Vol 49, No 5 (2015) Pages :576-577
Functional outcomes of minimal invasive percutaneous plate osteosynthesis MIPPO in humerus shaft fractures: a clinical study
To the editor,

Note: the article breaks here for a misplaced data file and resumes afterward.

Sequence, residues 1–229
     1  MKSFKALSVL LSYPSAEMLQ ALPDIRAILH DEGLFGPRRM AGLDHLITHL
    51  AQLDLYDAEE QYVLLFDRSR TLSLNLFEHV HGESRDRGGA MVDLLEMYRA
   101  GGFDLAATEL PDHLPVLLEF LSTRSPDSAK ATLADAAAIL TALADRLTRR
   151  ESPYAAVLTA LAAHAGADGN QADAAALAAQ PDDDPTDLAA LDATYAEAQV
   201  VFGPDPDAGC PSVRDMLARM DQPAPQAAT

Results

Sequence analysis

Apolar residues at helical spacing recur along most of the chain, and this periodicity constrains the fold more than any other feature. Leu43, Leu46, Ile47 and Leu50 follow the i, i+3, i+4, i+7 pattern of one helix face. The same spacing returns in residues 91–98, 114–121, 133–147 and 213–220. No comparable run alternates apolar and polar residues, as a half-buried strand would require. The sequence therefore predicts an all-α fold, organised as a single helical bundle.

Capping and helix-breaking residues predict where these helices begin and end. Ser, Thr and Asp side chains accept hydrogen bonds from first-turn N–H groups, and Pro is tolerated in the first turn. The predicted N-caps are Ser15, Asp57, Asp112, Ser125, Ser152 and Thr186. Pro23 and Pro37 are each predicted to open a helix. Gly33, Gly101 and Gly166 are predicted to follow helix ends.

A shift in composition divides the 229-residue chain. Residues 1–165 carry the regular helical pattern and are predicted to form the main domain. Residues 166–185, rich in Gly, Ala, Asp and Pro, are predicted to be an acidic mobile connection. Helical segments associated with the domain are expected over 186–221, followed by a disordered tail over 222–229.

I have read the article by Gazi HURİ, and colleagues  with great interest. The authors concluded that minimal invasive percutaneous plate osteosynthesis appears to be a successful technique for the treatment of humerus shaft fractures based on plain radiographs, range of motion assessments and some patient reported outcome (PRO) measure which were American Shoulder and Elbow Society (ASES), University of California, Los Angles (UCLA), Mayo Elbow Performance Index (MEPI) and The Disability of The Arm, Shoulder and Hand (DASH) scores. However, before a PRO measure can be used in a society other than the one in which it was developed, it must be translated and culturally adapted. Additionally, the psychometric properties of the translated version of the PRO measure need to be assessed and compared to those of the original version . Even though, the ASES and DASH have been translated and culturally adapted to Turkish and also psychometric properties of the these outcomes were provided, the authors did not use them in their study [3, 4]. UCLA and MEPI have not been translated and culturally adapted to Turkish yet and also there is not enough evidence to the psychometric properties of the original verison of the UCLA and MEPI. The result of the study Gazi et al, mostly depended on PRO’s. Clearly, reliable, valid, and responsive PRO’s are required in order to enable accurate and complementary examination of the patients’ function. Finally, I advise the authors that they should use the avalible PRO’s which are proven culturally adapted, reliable, valid and responsive in their future studies.